“The truth is in this country we’re living in a time of growing support for socialism and a growing intolerance for diverse viewpoints, including across many college campuses across America,” he said.
In line with Trump’s executive order to protect free speech on college campuses two weeks ago, Pence said students should work to maintain an open dialogue.
“Speech codes, safe zones, intolerance against people whose faith and economic philosophy which are no longer considered fashionable are on the rise,” Pence said.
Pence said he wanted to offer some advice to “the rising generation”.
“Those of you who feel drawn to the siren song of socialism, be careful what you wish for,” he said. “Socialism is not the road to freedom. Socialism is the road to government control and it grows in the soil of censorship.”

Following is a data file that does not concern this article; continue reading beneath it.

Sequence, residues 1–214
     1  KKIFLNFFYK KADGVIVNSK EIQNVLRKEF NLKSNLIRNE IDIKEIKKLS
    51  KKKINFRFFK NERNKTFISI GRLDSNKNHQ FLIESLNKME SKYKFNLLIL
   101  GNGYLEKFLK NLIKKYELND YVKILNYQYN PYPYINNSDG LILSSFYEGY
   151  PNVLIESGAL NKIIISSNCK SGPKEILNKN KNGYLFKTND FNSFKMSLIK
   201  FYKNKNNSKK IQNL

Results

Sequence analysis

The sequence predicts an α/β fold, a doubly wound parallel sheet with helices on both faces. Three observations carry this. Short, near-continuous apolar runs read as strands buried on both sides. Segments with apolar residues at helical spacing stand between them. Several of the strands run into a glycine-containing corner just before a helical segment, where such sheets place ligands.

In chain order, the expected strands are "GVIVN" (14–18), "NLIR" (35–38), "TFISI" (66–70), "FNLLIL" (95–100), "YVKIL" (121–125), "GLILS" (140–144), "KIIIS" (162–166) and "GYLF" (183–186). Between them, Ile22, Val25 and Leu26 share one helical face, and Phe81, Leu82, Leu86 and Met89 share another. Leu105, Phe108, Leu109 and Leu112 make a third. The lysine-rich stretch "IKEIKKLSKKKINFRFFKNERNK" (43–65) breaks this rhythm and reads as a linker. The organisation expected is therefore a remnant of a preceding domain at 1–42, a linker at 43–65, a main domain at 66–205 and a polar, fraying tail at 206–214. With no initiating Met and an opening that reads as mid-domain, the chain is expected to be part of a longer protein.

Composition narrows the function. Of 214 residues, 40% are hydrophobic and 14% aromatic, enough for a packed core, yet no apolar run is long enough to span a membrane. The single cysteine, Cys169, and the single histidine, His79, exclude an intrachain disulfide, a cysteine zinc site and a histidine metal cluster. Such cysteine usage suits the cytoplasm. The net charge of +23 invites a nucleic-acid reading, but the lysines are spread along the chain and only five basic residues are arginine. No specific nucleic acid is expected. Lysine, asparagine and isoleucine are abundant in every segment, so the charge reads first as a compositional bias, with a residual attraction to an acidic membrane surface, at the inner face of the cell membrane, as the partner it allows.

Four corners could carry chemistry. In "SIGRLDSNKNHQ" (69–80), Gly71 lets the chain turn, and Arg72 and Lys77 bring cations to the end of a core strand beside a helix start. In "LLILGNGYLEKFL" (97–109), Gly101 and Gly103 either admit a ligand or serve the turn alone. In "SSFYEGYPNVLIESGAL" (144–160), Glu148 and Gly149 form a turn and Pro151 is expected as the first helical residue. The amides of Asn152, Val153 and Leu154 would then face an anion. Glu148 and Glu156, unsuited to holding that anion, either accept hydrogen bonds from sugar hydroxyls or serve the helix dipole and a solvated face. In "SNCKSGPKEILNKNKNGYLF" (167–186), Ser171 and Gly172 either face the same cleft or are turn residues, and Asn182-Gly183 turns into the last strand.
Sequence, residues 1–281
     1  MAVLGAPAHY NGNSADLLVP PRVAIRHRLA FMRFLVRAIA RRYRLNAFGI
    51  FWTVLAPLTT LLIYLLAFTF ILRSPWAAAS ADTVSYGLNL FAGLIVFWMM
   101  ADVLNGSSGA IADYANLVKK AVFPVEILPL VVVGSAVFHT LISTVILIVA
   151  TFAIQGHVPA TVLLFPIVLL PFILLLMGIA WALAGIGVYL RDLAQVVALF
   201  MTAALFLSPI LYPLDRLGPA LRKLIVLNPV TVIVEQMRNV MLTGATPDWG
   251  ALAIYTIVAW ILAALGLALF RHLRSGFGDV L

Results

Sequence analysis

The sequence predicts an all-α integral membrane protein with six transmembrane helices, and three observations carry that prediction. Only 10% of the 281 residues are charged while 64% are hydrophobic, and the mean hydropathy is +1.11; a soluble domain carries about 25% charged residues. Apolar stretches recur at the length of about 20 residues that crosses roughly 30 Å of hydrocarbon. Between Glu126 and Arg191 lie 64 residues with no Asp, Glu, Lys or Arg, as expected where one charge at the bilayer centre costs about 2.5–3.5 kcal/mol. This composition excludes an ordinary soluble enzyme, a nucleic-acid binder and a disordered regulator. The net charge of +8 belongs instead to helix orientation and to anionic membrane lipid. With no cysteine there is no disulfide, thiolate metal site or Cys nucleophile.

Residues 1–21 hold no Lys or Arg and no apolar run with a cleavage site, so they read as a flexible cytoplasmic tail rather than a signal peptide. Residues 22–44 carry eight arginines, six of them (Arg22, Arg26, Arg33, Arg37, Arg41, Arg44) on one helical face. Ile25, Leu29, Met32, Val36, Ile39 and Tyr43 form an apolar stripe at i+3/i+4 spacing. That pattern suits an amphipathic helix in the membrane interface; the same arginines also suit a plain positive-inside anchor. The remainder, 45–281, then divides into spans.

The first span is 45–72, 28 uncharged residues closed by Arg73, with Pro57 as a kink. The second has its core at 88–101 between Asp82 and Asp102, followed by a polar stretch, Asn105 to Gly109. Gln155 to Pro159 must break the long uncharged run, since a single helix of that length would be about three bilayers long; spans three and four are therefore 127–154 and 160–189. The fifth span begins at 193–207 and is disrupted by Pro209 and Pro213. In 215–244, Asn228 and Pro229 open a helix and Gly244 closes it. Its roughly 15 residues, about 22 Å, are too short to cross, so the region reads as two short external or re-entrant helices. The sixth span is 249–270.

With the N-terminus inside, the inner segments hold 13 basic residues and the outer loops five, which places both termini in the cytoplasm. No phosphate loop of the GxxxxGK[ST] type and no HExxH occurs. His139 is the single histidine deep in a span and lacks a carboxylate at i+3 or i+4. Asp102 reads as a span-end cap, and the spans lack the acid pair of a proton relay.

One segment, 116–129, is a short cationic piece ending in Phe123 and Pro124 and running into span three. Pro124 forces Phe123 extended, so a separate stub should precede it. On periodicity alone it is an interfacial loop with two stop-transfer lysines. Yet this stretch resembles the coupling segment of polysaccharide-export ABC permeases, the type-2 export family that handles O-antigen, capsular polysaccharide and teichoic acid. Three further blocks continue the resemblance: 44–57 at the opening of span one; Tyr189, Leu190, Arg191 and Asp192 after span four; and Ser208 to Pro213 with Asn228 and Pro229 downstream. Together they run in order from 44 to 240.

He said the rising support for socialism in the U.S. would be a force that would impede rather than aid freedom.
“As Trump said in his State of the Union address, America was founded on liberty and independence and not government coercion, domination or control and so I say to this rising generation, the moment America becomes a socialist country is the moment America ceases to be America,” he said. “For the sake of freedom, we must say as the president said in his state of the Union address America will never be a socialist country.”
Pence then said that Americans should be careful not to silence opposing viewpoints.
“Now the American people have every right to engage in peaceful protest and we cherish that right, but once you say that some people should not be heard, once you say some people should not be able to think or speak or believe in a certain way in the public sphere, you’ve left the road to freedom and you’re on the road to serfdom,” he said. “The people of this country know it doesn’t take courage to silence free speech, it takes courage to defend it.”
To conclude his speech, Pence said he was hopeful for a free Venezuela.
“I believe in all my heart that you go with the author of freedom who tells us, ‘Do not be afraid,” he said. ‘Stand firm and you will see the deliverance the Lord will bring you today for where the spirit of the Lord is there is freedom.’ That means freedom always wins.”